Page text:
Tuesday, December 2, 2008

1914: Glory's End review

Wargame Designer Ted Raicer, best known now for the popular Paths of Glory, has pretty much single-handedly resurrected interest in World War I games with his series of interesting designs depicting various aspects of the Great War. The evolution of his design philosophy continued with the issue game in Command Magazine No. 29 in 1994 with 1914: Glory's End. Published on the 80th anniversary of the opening campaign of World War I, 1914: Glory's End is a moderate-to-high complexity hex-and-counter wargame, as attested to by its 18-page rule book. The game covers the opening three months of the war with 3-day turns, corps-level units and 9.5-mile hexes.

As usual for Command Magazine games, it takes standard wargame mechanics and adds several layers of "chrome" that give the game its flavor.

The Mark Simonitch map is attractive, functional and uses oversized hexes. The counters are the 5/8-inch size that was common in Command during this era. The armies are shown using modified NATO-style symbols. In a departure from the usual XTR color scheme, all German units are white on black, the British are white on red, the French are red on light blue and the Belgians are yellow on green.

The game mechanics are standard wargame IGO-HUGO turn sequence with units moveing and fighting "march" combats during the movement phase, followed by a prepared combat phase.
The combat results table is odds-based with numerical results for the attacker and defender. The results are satisfied by losing steps. Unlike most Command games retreats cannot be used to satisfy part of the combat result, and some results mandate a retreat.

Victory is achieved by accumulating victory points for geographical objectives. Achieve enough points during a turn and a side can earn an immediate win. Otherwise victory is checked at the end of game turn 30, where certain "conditional" victory point hexes now come into play.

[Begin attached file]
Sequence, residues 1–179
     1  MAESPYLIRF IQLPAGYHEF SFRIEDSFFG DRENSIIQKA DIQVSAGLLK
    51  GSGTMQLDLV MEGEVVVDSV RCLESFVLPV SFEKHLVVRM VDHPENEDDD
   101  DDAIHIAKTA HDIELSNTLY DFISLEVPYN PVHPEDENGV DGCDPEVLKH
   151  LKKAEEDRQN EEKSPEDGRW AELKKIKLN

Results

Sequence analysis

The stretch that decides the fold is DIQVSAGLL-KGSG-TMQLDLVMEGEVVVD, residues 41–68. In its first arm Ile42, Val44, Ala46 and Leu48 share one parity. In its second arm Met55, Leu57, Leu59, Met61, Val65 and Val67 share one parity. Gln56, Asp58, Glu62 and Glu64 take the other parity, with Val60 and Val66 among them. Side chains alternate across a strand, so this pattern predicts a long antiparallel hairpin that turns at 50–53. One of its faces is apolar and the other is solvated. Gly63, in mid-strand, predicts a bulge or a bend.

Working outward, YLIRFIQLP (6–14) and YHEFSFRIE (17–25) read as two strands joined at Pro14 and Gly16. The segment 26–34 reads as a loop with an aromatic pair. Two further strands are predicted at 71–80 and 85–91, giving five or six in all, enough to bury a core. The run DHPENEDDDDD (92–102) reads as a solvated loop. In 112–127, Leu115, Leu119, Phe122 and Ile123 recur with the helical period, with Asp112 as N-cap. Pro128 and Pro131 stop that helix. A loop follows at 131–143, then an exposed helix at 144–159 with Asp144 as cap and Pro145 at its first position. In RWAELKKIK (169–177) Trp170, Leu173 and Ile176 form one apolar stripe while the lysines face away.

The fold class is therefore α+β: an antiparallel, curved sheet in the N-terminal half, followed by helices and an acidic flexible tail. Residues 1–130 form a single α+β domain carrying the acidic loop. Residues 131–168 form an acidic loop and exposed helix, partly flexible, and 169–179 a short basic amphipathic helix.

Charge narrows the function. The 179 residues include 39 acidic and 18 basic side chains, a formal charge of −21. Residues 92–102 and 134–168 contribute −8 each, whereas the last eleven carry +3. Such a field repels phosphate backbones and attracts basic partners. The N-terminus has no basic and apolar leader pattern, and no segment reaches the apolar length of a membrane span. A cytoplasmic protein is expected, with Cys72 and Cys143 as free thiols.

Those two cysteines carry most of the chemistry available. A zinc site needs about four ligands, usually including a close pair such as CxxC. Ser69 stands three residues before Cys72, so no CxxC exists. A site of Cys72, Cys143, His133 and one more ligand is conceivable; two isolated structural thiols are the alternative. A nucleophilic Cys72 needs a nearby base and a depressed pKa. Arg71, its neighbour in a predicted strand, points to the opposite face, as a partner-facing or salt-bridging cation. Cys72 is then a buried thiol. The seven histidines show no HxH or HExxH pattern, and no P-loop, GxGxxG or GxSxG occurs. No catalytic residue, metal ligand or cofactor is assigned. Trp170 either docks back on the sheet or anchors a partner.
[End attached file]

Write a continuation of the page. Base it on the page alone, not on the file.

The allied player also has special VP awards and penalties. Eliminated Belgian unist cost the Allies points, as does failure to carry out at laest seven "Plan 17" attacks into Germany. The Allies earn a bonus of 15 VP for the Eatsern Front at game end, 20 if the Germans elect not to withdraw the two corps that historically were sent East.

A draw is possible, although not likely, if both sides end up with the same VP total.
The initial set up is important, with both sides plotting their starting positions, making the setup part of the game strategy itself. There is a historical camapign, where Belgian neutrality is violated and each side must set up in the same general location as their historical armies and a free set-up scenario.

The Germans have a range of strategic options and are not locked into the historical course of action. They are not required to violate Belgian neutrality in the free set-up scenario, for example.

It is possible for the Germans to attempt to pierce the French front in Alsace, instead, counting on superior numbers and troop quality (typical French active corps are 5-4-4 while German active corps are typically 6-7-4 in attack, defense, movement values) to win.
If Belgium neutrality is not violated the BEF doesn't appear until and unless the Germans get to 20 VP.

The campaign's general course will be familiar to anyone with even a passing knowledge of the war. Unless the Germans try to barge through the middle of the French fortified border, they will be sweeping through Belgium in a wide flanking manuever. The French, after making their mandatory Plan 17 attacks, will be scrambling to redeploy, while the British and some French units slow down the German juggernaut. Meanwhile the Belgians will hide in Antwerp.

Sometime around the middle of the game a decisive clash will happen near Paris. If it goes will for the Germans they will seize the French capital. Its 30 points will probably be enough to win a decisive victory then and there. If it goes poorly for the Germans there will be a "race to the sea" as each side tries to secure the conditional VPs for various citeis in Flanders and Calais.
Including set-up, playing the whole 30-turn campaign will probably take more than one evening, although it is playable in a Saturday afternoon.


(Yes) For Wargamers: A detailed and satisfying simulation of this key campaign.

(No) For Collectors: Just another wargame.

(No) For Euro gamers: A hard-core hex-and-counter wargame with detailed game mechanics.

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